It is useful for families in safe homes to reflect on how the distribution of unpaid work can be sustained post the lockdown. A safe household provides women a space to communicate. Unfortunately, not all Indian homes have this safe space. But homes that do will require both men and women to step out of their comfort zone. This requires the male partner to ask and the female partner to communicate.
Research suggests that women often attribute their performance of unpaid work to their accomplishment as a wife or mother. However, in truth a woman’s mental and physical health is critical to a marriage and parenthood. Women must attempt to better communicate the areas where help is required and importantly be ok if those tasks are not always accomplished with perfection. It is important that the woman not step in when a task is assigned to the child or partner but allow them time with their learning curve.
It is important for men to participate in the less glamorous household responsibilities. Going beyond bike rides and picnics with the children to prepare the morning tiffin, make the doctor’s appointment, put the laundry in the cupboard, plan the meals and grocery list.
Redistribution of unpaid work will bring us closer to a more gender equal society where daughters have an increased access to education, employment and economic freedom and sons have the freedom to choose their career paths beyond the traditional narrow idea of being the sole provider.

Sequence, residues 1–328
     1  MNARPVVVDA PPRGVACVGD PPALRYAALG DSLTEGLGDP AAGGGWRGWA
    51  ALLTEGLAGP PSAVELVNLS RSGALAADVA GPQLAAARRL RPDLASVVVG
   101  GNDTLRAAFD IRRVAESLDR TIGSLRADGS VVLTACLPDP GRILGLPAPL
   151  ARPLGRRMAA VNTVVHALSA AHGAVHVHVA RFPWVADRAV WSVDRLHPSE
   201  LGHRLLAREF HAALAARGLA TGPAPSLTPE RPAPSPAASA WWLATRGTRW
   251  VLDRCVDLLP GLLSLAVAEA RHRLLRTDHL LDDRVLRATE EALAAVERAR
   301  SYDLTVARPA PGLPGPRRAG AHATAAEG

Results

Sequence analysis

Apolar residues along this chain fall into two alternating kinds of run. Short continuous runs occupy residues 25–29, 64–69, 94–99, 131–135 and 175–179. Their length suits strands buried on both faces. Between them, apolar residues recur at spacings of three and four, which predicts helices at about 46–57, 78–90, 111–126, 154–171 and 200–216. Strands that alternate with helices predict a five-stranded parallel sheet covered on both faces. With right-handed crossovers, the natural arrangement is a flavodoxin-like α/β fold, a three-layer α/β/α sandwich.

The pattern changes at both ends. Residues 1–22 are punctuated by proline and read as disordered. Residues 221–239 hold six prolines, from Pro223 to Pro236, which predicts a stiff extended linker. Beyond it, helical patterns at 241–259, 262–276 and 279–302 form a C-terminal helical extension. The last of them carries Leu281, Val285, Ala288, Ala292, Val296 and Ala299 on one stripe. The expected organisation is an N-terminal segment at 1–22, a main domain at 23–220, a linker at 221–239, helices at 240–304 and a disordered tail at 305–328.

About the Author
Chryslynn D’Costa is the Co-founder and Head of Research at Serein. After studying Economics from St. Xavier’s College in Mumbai, Chryslynn joined the Gandhi Fellowship Program in Rajasthan that addresses educational leadership in rural government schools. She graduated from Azim Premji University in Bangalore with a Master’s in Education. Her work at APU and in Rajasthan strengthened her interest and expertise on leadership, gender, diversity and inclusion. It has led her to understand the nuances of organisational culture and workings of diverse teams. Chryslynn is a regular columnist with publications such as LiveMint and The Hindu and serves as external member to several company’s Internal Committee (IC).
Serein Inc is an end to end service partner for the implementation of Prevention of Sexual Harassment (POSH) legal compliance. We partner with companies on case redressal and policies to proactively build safer work cultures and sexual harassment (POSH) trainings either in person or virtually. For more details on diversity, inclusion and prevention of sexual harassment (POSH training in India and the US) send us a note.